Learning from the commentator
With the World Cup 2018 now well and truly kicked off in Russia those of us who are followers of the ‘beautiful game’ will be witness to all manner of examples of teamwork – the bad, the good and hopefully the truly stellar where team spirit can be seen to flow at an almost spiritual level. This level of understanding and connection is something to be aspired to by all teams, wherever they operate.
The World Cup will also showcase something else that needs to be on our radar as leaders and that’s the skill of the television commentator and the value of his or her commentary.
The best of these adds greatly to the viewer’s experience, involving them not by orating every detail but knowing what to describe and what not to. By explaining the tactical nuances that are less obvious. By setting the performance in the broader context of performance over time and what that might mean for the future. By sharing some of the human stories from the players in the drama. By reflecting the excitement or disappointment or anxiety of all those present. Despite viewing the event through a ‘window’ the best commentary can help us feel truly involved.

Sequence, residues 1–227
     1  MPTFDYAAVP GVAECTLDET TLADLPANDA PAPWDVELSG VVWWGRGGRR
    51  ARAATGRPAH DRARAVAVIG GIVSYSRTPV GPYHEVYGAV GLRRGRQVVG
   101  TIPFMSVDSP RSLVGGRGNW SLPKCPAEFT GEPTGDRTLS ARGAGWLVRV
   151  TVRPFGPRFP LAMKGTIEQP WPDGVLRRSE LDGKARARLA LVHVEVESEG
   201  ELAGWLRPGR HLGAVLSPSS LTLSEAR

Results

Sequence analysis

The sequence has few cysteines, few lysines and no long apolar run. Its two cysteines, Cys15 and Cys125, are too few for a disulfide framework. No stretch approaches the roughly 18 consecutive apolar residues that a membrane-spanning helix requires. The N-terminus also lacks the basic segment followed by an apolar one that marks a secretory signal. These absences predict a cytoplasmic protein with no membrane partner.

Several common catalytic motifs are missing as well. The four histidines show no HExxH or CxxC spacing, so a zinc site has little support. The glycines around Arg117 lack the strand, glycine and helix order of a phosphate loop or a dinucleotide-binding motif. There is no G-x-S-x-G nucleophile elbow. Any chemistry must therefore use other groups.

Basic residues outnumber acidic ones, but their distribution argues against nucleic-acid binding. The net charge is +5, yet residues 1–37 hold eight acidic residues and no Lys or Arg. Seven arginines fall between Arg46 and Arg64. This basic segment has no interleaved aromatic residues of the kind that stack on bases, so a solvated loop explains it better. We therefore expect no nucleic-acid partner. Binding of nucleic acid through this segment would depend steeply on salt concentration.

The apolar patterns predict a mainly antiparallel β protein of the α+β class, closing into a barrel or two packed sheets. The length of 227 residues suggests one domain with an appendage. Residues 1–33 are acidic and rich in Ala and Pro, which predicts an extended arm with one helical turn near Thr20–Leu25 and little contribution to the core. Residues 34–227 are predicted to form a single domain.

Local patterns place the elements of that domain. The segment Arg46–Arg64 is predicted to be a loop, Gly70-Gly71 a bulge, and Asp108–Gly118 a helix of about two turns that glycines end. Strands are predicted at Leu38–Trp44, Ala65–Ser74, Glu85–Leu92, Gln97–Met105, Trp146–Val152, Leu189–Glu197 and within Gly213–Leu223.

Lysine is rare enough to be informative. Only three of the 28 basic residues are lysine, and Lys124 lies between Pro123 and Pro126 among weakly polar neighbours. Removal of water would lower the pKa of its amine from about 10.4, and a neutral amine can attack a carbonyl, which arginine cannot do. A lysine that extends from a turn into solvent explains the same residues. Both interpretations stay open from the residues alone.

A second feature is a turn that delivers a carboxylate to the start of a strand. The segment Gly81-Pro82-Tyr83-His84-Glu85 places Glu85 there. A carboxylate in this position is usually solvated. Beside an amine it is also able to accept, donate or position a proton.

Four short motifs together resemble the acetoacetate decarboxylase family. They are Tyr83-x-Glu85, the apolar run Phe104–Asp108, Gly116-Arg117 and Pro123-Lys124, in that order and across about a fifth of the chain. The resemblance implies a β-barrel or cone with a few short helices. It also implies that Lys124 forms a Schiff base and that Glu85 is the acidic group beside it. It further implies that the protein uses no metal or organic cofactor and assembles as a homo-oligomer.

How does this relate to leadership in organisations? Well often, however good our leadership, we’re undermining it through our lack of ‘commentary’. Often when we’ve hit on a solution, arrived at a decision, can see what needs to happen next we assume that everyone else will be there with us, understanding the why, how and what and raring to play their part.
Very often they’re not because the narrative that’s running – the processing, the working out, the analysis and reasoning – is only going on in our heads.
I think we have much to learn from the best of TV commentary…it’s not about splurging every detail but about giving context to what people can see for themselves, sharing our process and our version of the ‘tactical nuances’, bringing it to life by making it personal/making it matter to others, reflecting how we feel about it. Involving people in the whole picture, not just the very edited highlights.
Bringing people with us takes time and care and getting beyond the assumption that others can read our mind.